Hong Kong police on Thursday warned the public against “testing” police officers with “unauthorized gatherings” on the upcoming anniversary of the Tiananmen Square massacre, the Hong Kong Free Press (HKFP) reported.
“Try not to test the limits … as well as test the resolve or our commitment to law enforcement in this operation,” Hong Kong Police Senior Superintendent Liauw Ka-kei told reporters on June 2.
“The senior official said Saturday’s police actions were ‘proportionate,’ such as advising and warning people about more stringent actions like arrests,” the HKFP said.
Liauw pointed to the Hong Kong government’s blanket ban this year on all public gatherings commemorating the Chinese government’s mass killing of student protesters on June 4, 1989 in Beijing’s Tiananmen Square. On its anniversary, a commemoration of the event was held in Hong Kong’s Victoria Park, a tradition that has been going on for decades. The Hong Kong government banned the mass candlelight vigil in 2020 and 2021, citing an alleged public health risk caused by the Chinese coronavirus pandemic. This health-related ban remains in effect this year, meaning all large outdoor gatherings — including the Tiananmen Square vigil — are banned.
[Recap] Hong Kongers warned against “testing” police on June 4 as armed forces report online calls to attend unauthorized gatheringshttps://t.co/RBVxAJ5Znj
— Hong Kong Free Press HKFP (@hkfp) June 2, 2022
Liauw on June 2 gave a detailed explanation of the type of outdoor activities his police would be doing on June 4, saying “it’s perfectly fine” for Hong Kongers with a “real” recreational purpose that day to enter Victoria Park.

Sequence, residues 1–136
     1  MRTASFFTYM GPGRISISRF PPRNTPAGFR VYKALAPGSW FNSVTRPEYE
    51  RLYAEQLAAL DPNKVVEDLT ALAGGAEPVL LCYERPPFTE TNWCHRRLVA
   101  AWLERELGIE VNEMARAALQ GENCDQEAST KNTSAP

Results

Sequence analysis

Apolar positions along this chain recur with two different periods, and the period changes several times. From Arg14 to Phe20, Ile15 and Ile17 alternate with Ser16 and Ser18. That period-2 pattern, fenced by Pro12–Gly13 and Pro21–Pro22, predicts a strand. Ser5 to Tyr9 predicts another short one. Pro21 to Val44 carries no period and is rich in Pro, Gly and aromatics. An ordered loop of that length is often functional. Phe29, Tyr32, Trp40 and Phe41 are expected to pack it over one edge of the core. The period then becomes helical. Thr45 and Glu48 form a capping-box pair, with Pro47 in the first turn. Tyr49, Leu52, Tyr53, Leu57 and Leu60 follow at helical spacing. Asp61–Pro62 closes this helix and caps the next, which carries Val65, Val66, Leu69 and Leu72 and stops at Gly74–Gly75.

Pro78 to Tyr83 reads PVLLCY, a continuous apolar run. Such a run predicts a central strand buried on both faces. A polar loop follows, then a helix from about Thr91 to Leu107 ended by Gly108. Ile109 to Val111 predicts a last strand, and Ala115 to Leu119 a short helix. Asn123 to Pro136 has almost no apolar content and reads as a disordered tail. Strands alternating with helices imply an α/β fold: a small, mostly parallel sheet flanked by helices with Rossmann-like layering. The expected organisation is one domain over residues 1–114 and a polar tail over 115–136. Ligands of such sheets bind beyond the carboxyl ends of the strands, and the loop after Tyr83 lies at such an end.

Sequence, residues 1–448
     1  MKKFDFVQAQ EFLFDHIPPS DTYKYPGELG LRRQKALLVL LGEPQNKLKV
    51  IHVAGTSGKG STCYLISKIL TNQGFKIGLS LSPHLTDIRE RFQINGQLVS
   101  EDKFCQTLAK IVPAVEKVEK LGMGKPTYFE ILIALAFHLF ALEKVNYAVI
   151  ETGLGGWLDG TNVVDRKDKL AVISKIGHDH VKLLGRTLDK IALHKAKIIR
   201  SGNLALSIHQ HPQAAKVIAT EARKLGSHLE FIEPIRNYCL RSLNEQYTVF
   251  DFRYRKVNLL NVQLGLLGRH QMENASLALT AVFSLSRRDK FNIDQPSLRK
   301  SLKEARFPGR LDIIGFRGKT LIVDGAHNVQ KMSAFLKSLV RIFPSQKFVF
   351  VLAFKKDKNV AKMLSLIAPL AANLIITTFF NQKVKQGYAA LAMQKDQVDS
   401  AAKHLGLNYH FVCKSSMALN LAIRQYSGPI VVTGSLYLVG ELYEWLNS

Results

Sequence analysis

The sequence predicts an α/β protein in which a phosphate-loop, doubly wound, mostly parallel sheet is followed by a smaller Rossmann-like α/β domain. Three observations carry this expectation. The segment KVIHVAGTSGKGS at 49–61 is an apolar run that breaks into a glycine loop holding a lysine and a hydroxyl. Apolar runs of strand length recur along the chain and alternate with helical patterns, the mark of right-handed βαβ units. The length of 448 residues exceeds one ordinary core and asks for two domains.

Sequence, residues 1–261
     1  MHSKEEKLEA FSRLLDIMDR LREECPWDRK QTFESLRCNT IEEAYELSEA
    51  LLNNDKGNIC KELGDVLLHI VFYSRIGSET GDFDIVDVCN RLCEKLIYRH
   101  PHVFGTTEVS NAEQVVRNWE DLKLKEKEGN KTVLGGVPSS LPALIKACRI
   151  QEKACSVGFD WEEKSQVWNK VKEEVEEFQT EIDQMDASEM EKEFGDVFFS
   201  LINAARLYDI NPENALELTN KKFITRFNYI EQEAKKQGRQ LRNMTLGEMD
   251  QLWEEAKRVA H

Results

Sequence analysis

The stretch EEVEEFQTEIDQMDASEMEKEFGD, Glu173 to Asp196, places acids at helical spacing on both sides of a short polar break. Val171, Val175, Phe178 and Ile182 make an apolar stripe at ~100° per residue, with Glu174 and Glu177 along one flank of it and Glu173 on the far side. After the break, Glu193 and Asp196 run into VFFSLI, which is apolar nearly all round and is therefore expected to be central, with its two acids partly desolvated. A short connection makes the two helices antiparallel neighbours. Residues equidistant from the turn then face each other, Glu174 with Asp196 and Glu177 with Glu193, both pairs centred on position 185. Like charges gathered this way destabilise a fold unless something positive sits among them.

The police commissioner further said:
But as I must stress, even if you are alone and then come to Victoria Park… if you are staying with a group of people together in the same place at the same time to express a common goal of certain views, it already meets the definition of a meeting.
And depending on the number of people at the crime scene who may commit offenses including unauthorized assembly or as a result of the offenses, other more serious offenses may also be committed.
The Chinese Communist Party refuses to fully acknowledge the mass casualties caused by the 1989 Tiananmen Square massacre and often cracks down on public memories of the event in China. Since the summer of 2020, when the Chinese Communist Party successfully quashed a pro-democracy movement in the city that began in 2019, pro-Beijing politicians have increasingly taken top posts in Hong Kong’s government in Hong Kong on June 30, 2020, creating four new crimes: Secession, subversion, terrorism and collusion with foreign forces. Hong Kong police effectively wiped out the city’s pro-democracy movement by arresting its participants and charging them with the city’s new national security crimes.